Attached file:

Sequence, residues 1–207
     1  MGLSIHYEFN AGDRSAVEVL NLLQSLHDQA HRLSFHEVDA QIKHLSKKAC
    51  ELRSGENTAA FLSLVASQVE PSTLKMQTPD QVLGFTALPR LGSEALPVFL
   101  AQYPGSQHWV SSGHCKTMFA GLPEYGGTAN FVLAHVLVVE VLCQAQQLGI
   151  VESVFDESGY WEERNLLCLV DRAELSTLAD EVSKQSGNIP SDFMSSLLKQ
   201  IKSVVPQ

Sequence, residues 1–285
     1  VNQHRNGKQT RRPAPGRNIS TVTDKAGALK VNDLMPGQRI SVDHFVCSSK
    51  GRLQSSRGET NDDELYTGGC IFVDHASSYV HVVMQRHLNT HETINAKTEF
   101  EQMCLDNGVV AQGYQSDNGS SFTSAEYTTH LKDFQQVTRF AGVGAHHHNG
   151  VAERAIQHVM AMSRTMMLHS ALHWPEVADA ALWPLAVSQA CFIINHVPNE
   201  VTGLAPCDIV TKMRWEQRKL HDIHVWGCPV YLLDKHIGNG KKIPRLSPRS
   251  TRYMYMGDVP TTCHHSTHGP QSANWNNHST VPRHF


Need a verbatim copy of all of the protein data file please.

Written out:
Sequence, residues 1–207
     1  MGLSIHYEFN AGDRSAVEVL NLLQSLHDQA HRLSFHEVDA QIKHLSKKAC
    51  ELRSGENTAA FLSLVASQVE PSTLKMQTPD QVLGFTALPR LGSEALPVFL
   101  AQYPGSQHWV SSGHCKTMFA GLPEYGGTAN FVLAHVLVVE VLCQAQQLGI
   151  VESVFDESGY WEERNLLCLV DRAELSTLAD EVSKQSGNIP SDFMSSLLKQ
   201  IKSVVPQ

Sequence, residues 1–285
     1  VNQHRNGKQT RRPAPGRNIS TVTDKAGALK VNDLMPGQRI SVDHFVCSSK
    51  GRLQSSRGET NDDELYTGGC IFVDHASSYV HVVMQRHLNT HETINAKTEF
   101  EQMCLDNGVV AQGYQSDNGS SFTSAEYTTH LKDFQQVTRF AGVGAHHHNG
   151  VAERAIQHVM AMSRTMMLHS ALHWPEVADA ALWPLAVSQA CFIINHVPNE
   201  VTGLAPCDIV TKMRWEQRKL HDIHVWGCPV YLLDKHIGNG KKIPRLSPRS
   251  TRYMYMGDVP TTCHHSTHGP QSANWNNHST VPRHF